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Big in Everything He Did

 In tribute to Ben Chafetz a"h

Eis laledes v’eis lamus. There is a time in life to be born, and a time to die. These factors are completely up to Hashem and not a matter of personal decision. But what is up to a person is how he lives his life between those times. A person can decide to allow his challenges to weigh him down, or to utilize those same challenges to lift himself up. My father, Ben Chafetz a”h, was a person who lived his life to the fullest, despite his many challenges. Someone who only knew him as an adult could never imagine where he came from.

My father lost his own father when he was just nine months old; he spent his whole childhood switching from school to school as he struggled with ADHD and anxiety. My dad wrote about his mental health journey in an article that he published. He did not grow up in a stable, frum household, yet he succeeded in starting and building a beautiful family with my mother; our life was filled with love, simchah, and Yiddishkeit. He did not get to where he did by giving up and accepting defeat; he worked hard and always persevered. Every day was another opportunity for him to work on his emunah and middos and do as many mitzvos as possible.

My father did more in one day than an average person could do in a week. I used to think it must be because he had more than 24 hours in his day; otherwise, how could he complete so much in so little time? I soon realized it was because he never wasted his time on mundane things and he prioritized what matters: Hashem, Torah, and his family. His work was just a means to earn money to support his family; anything extra went straight to tzedakah.

My father knew that nothing in this life was his, and that he was just a messenger from Hashem, placed here in this world to help and touch as many people as he could. And he did just that. Everywhere he went, he created a family. The number of people who became our extended cousins, aunts, uncles, and grandparents is astronomical. Everywhere he went, he became “Uncle Ben.”

My father didn’t grow up with a big family, so he made one. Because that’s what he did; when life was tough, he made the best of everything. When facing a difficult issue, whether it affected him or someone else, he would never complain about it; he would just step in and try to fix it. He always said that anyone can feel bad for a person. You need to be the one to do something — because if you don’t, who will?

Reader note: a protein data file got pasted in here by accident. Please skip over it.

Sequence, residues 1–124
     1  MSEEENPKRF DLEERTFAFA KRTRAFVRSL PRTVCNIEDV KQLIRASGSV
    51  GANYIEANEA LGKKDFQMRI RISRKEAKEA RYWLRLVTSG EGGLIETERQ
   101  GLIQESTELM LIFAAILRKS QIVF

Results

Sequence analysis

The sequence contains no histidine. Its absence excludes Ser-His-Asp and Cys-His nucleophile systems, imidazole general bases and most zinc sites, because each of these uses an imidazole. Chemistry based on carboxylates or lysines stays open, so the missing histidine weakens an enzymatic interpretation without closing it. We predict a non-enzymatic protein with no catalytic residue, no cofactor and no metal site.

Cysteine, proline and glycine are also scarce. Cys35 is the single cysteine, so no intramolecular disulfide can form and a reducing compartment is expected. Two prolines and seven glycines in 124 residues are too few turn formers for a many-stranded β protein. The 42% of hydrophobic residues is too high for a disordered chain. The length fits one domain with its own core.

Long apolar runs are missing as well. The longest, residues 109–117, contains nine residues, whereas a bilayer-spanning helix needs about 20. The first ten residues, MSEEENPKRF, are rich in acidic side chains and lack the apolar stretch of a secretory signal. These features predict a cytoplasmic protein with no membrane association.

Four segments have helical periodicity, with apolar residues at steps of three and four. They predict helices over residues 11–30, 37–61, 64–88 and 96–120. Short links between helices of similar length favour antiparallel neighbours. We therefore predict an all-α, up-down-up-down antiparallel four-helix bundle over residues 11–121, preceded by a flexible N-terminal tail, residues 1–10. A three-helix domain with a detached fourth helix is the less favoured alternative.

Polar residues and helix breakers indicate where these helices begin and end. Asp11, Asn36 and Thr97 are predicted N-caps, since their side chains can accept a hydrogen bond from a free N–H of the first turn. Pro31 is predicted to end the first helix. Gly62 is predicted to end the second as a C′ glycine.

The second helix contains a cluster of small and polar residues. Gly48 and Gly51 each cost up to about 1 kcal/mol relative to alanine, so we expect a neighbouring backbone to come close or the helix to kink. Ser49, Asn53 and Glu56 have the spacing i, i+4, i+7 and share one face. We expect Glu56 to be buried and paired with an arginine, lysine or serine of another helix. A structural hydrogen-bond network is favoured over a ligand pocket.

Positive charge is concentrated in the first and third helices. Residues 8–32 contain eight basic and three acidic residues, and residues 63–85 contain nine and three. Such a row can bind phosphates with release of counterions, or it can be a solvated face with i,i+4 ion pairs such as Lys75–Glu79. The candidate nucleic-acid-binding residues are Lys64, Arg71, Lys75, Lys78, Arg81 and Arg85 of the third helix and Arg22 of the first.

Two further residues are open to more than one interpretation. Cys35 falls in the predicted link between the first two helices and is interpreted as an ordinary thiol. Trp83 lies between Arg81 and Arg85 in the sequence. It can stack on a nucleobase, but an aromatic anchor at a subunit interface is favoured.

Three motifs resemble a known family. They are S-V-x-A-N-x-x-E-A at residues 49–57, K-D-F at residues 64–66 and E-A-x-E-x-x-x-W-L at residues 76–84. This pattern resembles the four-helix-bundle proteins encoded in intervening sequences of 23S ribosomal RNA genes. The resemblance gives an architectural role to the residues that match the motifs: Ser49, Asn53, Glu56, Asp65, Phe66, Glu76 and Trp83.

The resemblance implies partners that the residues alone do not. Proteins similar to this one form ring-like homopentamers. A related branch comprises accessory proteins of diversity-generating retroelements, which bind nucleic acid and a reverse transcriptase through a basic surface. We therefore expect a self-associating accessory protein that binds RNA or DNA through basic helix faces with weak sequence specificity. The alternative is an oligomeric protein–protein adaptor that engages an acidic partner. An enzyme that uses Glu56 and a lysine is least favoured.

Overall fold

There are so many instances I can recall my dad living this. Here in Cleveland about five years ago, a family went through a terrible tragedy, and my dad stepped up to the plate to help them. For four months, he put his business on hold and got all his employees to work helping this family. He didn’t worry about being unable to support his own family because his emunah was through the roof. He knew that Hashem would take care of his family while he took care of another’s.

But as much as he devoted himself to the welfare of others, he never failed to take care of his own. Each of his children was loved, appreciated, and respected. My dad knew how to do chesed the right way; he never used it as an excuse to not spend time with his family. Two summers ago, I ran a successful day camp and was having a hard time giving maaser. My father shared an approach to tzedakah that I will never forget. He explained to me that the money I give away to tzedakah is the only money that I end up keeping. The money that is “mine” is spent on mundane physical things that I will eventually forget about. However, the money I give to tzedakah is the money that will stay with me my whole life, following me up to Olam Haba.